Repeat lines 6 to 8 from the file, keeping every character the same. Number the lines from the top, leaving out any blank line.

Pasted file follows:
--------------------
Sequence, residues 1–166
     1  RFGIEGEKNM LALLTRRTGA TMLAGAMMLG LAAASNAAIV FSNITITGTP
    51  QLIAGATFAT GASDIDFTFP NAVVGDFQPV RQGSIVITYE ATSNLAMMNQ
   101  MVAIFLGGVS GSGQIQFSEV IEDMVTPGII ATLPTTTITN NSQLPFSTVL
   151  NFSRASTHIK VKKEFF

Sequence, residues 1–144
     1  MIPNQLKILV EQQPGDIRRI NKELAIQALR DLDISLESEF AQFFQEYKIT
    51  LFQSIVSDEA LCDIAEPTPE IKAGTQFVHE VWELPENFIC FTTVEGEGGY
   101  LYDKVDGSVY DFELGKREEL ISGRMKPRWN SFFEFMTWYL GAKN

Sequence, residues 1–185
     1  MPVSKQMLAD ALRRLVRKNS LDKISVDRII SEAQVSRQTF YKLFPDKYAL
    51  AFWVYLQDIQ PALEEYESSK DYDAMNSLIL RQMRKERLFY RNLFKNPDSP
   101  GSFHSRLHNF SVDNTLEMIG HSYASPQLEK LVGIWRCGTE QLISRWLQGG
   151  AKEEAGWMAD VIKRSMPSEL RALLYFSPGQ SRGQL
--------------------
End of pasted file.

Sequence, residues 1–144
     1  MIPNQLKILV EQQPGDIRRI NKELAIQALR DLDISLESEF AQFFQEYKIT
    51  LFQSIVSDEA LCDIAEPTPE IKAGTQFVHE VWELPENFIC FTTVEGEGGY